Two weeks after the Jersey City Council voted to table an ordinance to install 72 new utility poles for a 5G cellular network, they voted 6-3 last night to remove the ordinance from the tabled agenda items before approving it by the same margin.
The vote was accompanied by a spirited debate sparked between council members who wanted to approve the measure since they didn’t want to be sued by the vendor and those who felt the 5G cellular technology is too nascent to be considered safe.
ZenFi Networks initiated a lawsuit against the city one day after tabling the ordinance, officials said at last night’s meeting.
On the latter argument, Ward C Councilman Richard Boggiano continued to say that there is plentiful evidence on the internet that suggests that 5G technology may emit high levels of radiation.
He said at the Council’s virtual caucus meeting on May 4 that he saw a Facebook post that indeed warned of radiation.
However, he was quickly rebuked by ZenFi Networks Chief Administrative Officer and General Counsel Robert Sokota, who reiterated that the amount of radiation is no greater than the levels that are emitted from standard WiFi routers.
Councilman-at-Large Rolando Lavarro expressed concerns about whether the city can collect more than $750 in users fees from the installation of the 72 utility poles, as well as the co-location of equipment from different vendors on existing utility poles.
Jersey City First Assistant Corporation Counsel Nick Strasser explained that, in regards to charging a higher fee for new utility poles, every cellular provider in the marketplace needs to be treated the same per Federal Communications Commission rules.
“This council has approved two prior 5G contracts for other vendors and the fee charged was $750 per pole,” Strasser noted.
He also emphasized that the ability to raise revenue from the any installation of poles is strictly within the purview of the state legislature.
“Going back to the payroll tax last year, the only way Jersey City was able to have a Jersey City tax was that it was granted that authority by the state legislature,” began Strasser.
“You’re always allowed to charge fees for services related to applications, reviews and the like: and that’s exactly the case here. However, that review, that fee, needs to be directly related to the efforts of municipal employees for that task, in this particular case, it’s $750 per pole.”
On the topic of co-location, Strasser noted that ZenFi Networks said it would be willing to accommodate other 5G cellular vendors on one of their 72 new utility poles, thereby avoiding cluttering the rights of way for residents.
Before the vote, Strasser again re-emphasized what he told the council at their May 6 virtual meeting that only the FCC can determine whether 5G is safe, which they already have.
“It is outside the purview of the municipalities, counties and states to determine on a case-by-case basis whether they believe that the technology is safe,” Strasser said.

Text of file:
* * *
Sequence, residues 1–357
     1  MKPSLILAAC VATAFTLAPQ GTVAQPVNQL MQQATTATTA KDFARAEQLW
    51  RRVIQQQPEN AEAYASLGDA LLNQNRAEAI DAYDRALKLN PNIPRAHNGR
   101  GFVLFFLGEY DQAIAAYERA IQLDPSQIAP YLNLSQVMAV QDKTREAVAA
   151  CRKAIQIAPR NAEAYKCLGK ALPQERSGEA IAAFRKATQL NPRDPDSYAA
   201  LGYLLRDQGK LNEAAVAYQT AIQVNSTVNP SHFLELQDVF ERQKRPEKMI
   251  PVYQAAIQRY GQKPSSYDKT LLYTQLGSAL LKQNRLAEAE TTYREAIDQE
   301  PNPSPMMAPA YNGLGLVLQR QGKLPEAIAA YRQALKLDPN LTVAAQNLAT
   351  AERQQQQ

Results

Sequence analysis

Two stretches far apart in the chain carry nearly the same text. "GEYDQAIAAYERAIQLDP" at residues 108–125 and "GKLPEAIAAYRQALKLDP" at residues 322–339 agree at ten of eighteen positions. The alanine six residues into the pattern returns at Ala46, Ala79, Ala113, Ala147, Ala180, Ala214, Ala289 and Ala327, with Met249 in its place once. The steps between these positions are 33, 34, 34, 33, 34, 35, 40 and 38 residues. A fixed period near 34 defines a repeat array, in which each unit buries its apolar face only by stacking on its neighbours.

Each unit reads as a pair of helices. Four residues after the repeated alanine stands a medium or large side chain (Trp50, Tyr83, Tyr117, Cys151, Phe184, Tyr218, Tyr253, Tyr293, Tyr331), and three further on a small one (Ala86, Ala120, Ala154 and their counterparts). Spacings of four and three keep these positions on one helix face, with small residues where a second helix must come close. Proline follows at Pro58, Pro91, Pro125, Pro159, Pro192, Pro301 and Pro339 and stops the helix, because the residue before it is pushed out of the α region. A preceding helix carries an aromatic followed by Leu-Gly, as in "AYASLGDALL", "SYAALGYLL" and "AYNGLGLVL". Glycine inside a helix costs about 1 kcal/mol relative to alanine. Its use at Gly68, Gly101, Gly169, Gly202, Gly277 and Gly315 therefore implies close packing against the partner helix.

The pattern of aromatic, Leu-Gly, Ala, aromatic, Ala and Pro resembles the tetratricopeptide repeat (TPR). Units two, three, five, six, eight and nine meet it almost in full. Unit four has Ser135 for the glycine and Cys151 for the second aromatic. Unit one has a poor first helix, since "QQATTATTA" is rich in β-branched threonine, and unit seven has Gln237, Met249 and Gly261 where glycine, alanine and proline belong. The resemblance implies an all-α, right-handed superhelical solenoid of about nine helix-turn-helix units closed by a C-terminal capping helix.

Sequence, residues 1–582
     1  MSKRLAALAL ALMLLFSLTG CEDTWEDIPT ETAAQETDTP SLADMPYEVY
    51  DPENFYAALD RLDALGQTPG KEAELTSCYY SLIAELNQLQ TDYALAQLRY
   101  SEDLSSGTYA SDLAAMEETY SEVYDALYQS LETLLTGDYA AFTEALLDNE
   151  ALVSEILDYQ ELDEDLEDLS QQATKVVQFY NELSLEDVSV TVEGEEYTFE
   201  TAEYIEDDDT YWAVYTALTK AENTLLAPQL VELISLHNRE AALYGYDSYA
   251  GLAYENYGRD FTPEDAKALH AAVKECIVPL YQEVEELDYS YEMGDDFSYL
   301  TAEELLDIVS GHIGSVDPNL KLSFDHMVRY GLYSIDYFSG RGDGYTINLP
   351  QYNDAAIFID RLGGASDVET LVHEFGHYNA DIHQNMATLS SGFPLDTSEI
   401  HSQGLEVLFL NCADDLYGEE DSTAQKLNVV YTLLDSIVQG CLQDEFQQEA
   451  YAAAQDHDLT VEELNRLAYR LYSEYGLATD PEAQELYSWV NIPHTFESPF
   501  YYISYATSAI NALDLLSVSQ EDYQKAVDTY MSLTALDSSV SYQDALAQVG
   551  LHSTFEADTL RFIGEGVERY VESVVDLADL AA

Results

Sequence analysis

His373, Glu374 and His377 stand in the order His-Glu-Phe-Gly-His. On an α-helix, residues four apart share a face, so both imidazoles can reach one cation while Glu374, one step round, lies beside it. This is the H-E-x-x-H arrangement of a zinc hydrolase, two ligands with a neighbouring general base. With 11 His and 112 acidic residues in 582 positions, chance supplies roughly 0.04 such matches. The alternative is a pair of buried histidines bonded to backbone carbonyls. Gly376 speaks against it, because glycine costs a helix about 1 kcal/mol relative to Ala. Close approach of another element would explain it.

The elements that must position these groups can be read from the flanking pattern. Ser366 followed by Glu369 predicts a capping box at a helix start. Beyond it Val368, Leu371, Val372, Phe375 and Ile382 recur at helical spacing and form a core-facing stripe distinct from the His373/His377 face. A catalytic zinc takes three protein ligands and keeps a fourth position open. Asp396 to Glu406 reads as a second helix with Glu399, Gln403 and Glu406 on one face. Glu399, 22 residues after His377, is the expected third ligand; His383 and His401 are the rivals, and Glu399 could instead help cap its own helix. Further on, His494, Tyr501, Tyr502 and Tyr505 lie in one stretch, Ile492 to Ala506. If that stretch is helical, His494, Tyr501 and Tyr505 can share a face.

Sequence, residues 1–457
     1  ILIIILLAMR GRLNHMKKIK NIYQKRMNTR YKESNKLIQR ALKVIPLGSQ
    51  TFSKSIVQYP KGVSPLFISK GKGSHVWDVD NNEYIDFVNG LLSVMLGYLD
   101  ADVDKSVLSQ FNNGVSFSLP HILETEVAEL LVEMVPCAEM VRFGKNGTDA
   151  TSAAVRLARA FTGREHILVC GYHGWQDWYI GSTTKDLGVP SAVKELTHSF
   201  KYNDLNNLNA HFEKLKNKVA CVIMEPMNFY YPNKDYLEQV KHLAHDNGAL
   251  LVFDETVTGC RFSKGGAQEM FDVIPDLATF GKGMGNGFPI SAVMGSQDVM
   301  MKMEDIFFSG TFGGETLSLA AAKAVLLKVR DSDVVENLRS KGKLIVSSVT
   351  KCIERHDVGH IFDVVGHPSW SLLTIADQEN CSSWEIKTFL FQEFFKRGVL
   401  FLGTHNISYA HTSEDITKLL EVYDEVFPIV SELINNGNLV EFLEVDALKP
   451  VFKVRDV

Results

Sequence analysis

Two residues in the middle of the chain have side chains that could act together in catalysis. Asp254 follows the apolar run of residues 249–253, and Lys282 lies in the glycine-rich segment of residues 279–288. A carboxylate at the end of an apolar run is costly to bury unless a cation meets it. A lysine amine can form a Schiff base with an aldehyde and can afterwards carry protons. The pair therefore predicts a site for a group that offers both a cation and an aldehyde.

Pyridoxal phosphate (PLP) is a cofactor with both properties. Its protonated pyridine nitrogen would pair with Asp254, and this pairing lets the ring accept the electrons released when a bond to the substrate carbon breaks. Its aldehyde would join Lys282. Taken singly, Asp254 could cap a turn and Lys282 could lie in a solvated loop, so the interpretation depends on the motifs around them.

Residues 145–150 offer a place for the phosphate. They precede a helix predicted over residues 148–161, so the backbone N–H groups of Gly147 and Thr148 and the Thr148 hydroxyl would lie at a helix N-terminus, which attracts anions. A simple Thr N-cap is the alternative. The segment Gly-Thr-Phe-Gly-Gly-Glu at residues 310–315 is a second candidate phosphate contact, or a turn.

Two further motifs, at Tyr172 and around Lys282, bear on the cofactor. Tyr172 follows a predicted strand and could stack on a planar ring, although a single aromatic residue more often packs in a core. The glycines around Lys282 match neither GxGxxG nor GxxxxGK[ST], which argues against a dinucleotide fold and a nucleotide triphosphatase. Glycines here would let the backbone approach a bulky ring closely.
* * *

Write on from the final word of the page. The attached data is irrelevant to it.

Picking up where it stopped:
He noted that he understood the council’s frustration that only the FCC can determine the safety of 5G cellular technology, which is why there was a late add-on to the agenda last night.
The council introduced a resolution encouraging U.S. Reps. Albio Sires (D-8) and Donald Payne, Jr. (D-10), as well as U.S. Sens. Bob Menendez and Cory Booker (both D-NJ), to introduce changes to the Federal Telecommunications Act to give more authority to municipal governments regarding the placement of 5G cell towers.
Nevertheless, Strasser was quick to note not to expect any action soon on an act that passed in 1996.
“It’s unlikely that in the next six months to a year there will be any action taken on this.”
Additionally, Ward A Councilwoman Denise Ridley, one of the first council members to express concern about whether 5G is safe, decided to vote against introducing the ordinance back in April.
However, with the initiation of a lawsuit by ZenFi Networks, she decided to vote yes because she doesn’t want the city to be incurring substantial legal bills defending its position.
“I don’t know if we should spend this money right now to fight this in court if we know we are going to lose – or if the attorneys are saying this is a battle that we’re going to lose – but I think we should still continue to do the research and reach out to our federal representatives,” said Ridley.
Boggiano still emphatically voted no.
“As I said, there are many scientists that disagree totally with what the FCC says and I’ll tell you something: anybody who gets sick, I hope they not only sue the city, they sue the judge or any court that ever says that we have to go along with this. I think it’s a disgrace, and I say no.”
Ward D Councilman Yousef Saleh added that the city has already approved the installation of 5G with two other vendors and therefore wouldn’t be in a good position to win the lawsuit.
“I really think that this council also approved twice 5G in our city, so it’s already here. The court isn’t stupid, they’re going to look at this and say ‘you guys approved it before and now you’re having this open dialogue in the city council.'”
With the council voting to pass the ordinance by a margin of 6-3, with Ward E Councilman James Solomon, Lavarro, and Boggiano voting no, the lawsuit brought by ZenFi Networks is now moot, according to Strasser.
“These folks don’t want to inform the public: the council has a responsibility making sure that people are aware … they just gotta do better,” former Ward B Councilman Chris Gadsden, who had previously spoken out against the measure, said over the phone.
“Everybody who voted yes, who took corporation counsel’s word for it, they have a responsibility to the community for the location of towers. They didn’t do enough.”